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Balancing act a big hurdle: Insolvency resolution professionals at VCCircle event
L to R – Ranjani R – Assistant Editor, News Corp VCCircle, Bikash Jhawar, Partner, Luthra & Luthra Law Offices and Rajiv Chandak, Partner – Corporate Finance & Restructuring, Deloitte India.

The role of a resolution professional (RP) in insolvency proceedings can be very tricky as it requires the individual to delicately balance the interests of all the stakeholders involved, said panellists at News Corp VCCircle’s inaugural Stressed Assets Investment Summit on Wednesday.

Held in Mumbai, the half-day summit opened to a packed house attended by key stakeholders – investors, promoters, banks, legal experts, regulators, asset reconstruction companies (ARCs) and insolvency resolution professionals.

Bikash Jhawar, partner at Luthra & Luthra Law Offices, and Rajiv Chandak, partner-corporate finance & restructuring, Deloitte India, shared their experiences at a fireside chat on navigating the resolution process.

The duo have worked together on a few resolution processes in different roles.

As a case study, Chandak spoke about his role with a cement firm involved in insolvency proceedings.

“The plant was not operational and the company had no working capital. We had to seek support from vendors and stakeholders while also bring a fair resolution of workers and employees with their remuneration. It was a difficult proposition and had to find a resolution from all aspects,” Chandak said.

Jhawar highlighted how subtle differences in the law could lead to complications.

“Sometimes there is a difference in the letter of the law versus the spirit of the law. For instance, the court may freeze past liabilities to operational creditors (OCs)… On the other hand, OCs have the right to comment on the resolution plan,” Jhawar said.

The panellists also discussed certain challenges that may arise from the Reserve Bank of India (RBI) circular on February 12 that sought to accelerate the process of resolving non-performing assets, a move that will lead to an early identification of bad loans.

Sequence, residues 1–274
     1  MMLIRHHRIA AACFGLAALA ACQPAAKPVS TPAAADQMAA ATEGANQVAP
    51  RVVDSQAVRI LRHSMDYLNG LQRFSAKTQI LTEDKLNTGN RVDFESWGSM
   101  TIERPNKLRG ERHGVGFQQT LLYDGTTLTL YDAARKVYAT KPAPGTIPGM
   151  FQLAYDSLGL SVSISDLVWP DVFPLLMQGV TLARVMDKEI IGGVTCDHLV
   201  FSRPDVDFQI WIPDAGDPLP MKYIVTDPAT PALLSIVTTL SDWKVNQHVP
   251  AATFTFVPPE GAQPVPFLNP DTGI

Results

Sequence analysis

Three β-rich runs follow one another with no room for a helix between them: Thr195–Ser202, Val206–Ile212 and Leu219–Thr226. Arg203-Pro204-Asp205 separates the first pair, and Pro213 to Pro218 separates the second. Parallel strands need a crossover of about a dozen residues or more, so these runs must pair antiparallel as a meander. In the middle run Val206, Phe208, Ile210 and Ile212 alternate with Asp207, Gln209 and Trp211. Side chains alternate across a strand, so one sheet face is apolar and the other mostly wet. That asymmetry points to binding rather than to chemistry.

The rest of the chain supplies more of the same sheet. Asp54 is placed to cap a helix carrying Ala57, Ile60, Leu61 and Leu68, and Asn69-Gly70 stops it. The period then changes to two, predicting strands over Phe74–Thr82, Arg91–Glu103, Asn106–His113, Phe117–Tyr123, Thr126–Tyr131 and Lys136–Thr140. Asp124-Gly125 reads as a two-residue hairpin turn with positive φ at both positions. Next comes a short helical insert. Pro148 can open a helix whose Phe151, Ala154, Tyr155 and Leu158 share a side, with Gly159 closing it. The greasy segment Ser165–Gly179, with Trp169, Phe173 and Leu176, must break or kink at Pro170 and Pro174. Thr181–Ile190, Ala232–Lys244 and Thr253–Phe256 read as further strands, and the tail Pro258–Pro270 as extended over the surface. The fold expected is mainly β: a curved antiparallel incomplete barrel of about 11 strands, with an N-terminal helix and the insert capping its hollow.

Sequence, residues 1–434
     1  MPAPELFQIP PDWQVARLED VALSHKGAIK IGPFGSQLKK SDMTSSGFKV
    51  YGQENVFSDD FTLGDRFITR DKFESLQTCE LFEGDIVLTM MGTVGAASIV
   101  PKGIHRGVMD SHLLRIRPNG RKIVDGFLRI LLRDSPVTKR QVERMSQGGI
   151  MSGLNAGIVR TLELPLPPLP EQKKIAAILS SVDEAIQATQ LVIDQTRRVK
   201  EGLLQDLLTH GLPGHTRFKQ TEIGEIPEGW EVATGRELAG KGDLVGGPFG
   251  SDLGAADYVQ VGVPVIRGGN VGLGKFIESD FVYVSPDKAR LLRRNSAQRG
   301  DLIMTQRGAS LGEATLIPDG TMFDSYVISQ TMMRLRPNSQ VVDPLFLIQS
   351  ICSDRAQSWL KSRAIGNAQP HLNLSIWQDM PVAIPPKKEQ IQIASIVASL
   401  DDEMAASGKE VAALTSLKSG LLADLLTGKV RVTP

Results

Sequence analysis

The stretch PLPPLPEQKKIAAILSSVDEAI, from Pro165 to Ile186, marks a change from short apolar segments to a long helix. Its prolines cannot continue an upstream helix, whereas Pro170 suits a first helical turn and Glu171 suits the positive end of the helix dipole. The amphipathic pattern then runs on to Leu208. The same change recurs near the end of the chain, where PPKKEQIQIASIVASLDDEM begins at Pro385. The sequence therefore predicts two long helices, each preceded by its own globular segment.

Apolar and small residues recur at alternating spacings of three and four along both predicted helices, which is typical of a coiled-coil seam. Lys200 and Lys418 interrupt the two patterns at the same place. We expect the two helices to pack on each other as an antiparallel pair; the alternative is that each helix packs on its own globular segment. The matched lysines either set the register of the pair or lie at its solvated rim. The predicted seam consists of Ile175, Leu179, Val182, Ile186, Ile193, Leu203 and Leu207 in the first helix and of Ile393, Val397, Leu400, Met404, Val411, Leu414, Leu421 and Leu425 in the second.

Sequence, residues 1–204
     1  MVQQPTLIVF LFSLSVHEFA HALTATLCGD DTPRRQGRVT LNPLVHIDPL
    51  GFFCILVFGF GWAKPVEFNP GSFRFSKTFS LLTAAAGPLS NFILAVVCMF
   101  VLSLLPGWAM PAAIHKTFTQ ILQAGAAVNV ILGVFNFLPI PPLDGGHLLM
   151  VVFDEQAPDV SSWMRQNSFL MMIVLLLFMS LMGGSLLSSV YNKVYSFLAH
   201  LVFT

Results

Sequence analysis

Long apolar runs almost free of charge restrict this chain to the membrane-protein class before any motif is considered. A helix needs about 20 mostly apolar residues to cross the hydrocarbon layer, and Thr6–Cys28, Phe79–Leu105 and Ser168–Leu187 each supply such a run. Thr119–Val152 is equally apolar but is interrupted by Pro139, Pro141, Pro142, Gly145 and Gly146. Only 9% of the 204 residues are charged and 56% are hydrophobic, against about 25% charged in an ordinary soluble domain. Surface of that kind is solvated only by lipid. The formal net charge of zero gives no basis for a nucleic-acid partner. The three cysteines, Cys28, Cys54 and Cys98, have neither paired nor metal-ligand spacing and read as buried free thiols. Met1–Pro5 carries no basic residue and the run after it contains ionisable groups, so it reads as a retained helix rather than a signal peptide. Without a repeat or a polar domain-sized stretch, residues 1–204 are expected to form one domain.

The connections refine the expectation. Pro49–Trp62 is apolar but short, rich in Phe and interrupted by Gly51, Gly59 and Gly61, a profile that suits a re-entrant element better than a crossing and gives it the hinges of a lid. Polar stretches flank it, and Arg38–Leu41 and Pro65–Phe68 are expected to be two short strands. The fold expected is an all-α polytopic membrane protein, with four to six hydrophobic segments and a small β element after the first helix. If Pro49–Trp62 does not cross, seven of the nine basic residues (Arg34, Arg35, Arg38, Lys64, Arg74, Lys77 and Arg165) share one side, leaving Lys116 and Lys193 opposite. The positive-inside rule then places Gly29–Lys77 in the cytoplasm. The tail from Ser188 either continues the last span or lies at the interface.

“Various firms dealing in resolution plans and insolvency proceedings have increased their team strength and other resources. But 150 accounts is a lot and challenging,” Chandak said.

Jhawar said that lenders sometimes found it difficult to find the right resolution consultant. “There is a question whether the ecosystem can accommodate such a number because even appeals filed in December are still sub-judice, and cases are not heard or resolved,” Jhawar said.

The RBI introduced a circular in February that abolished all restructuring schemes such as strategic debt restructuring (SDR), Scheme for Sustainable Structuring of Stressed Assets (S4A) for NPA resolutions.

Instead, RBI drew the reference date of 1 March and allowed time till 28 August to ascertain any defaulting account even by a single day. If so, the company would be considered a defaulter and would get 180 days to rectify the situation.

And if neither the bank nor the company is able to resolve, the matter would proceed to NCLT.

This development took place after the central bank, under previous governor Raghuram Rajan, had handed a list of 150 accounts through an asset quality review.

Project Sashakt

During the second fireside chat of the day, panellists discussed Project Sashakt, the government’s new five-pronged approach for expediting resolutions. The session was moderated by News Corp VCCircle CEO Jaideep Mehta and the panellists were Supratim Sarkar, EVP & Group Head (PA & SF) at SBI Capital Markets and RK Bansal, MD & CEO at Edelweiss ARC.

They said that NPAs and stressed assets have implications beyond the financial stress in the system and could trigger social problems, especially among the lower rung of the society.

“NCLT is not the only solution,” said Bansal, referring to the inter-creditor agreement among 24 banks to fast-track the resolution of bad loans.

Panellists also discussed the role of Asset Reconstruction Companies (ARCs), the Insolvency and Bankruptcy Code (IBC) besides talking about the future roadmap for resolving the stressed asset problems.

“Maximum cases of stressed assets are in the power sector. Foreign money won’t come in where there is too much government intervention. Besides the money or capital, you also need to see turnaround in the sector. Steel industry is an example,” said Sarkar, while discussing foreign investment in stressed assets.

The panellists also deliberated on the idea of privatising sectors under stress to achieve quicker resolution.

“Theoretically you can, but in reality it may open many challenges. It is not easy to privatise the power sector. There are various governmental schemes besides the political and social nature of the sector. Past legacy issues are so huge and need to resolved first if you wish to privatise the sector,” Sarkar said, referring to the huge debt pile of power distribution companies in Rajasthan.

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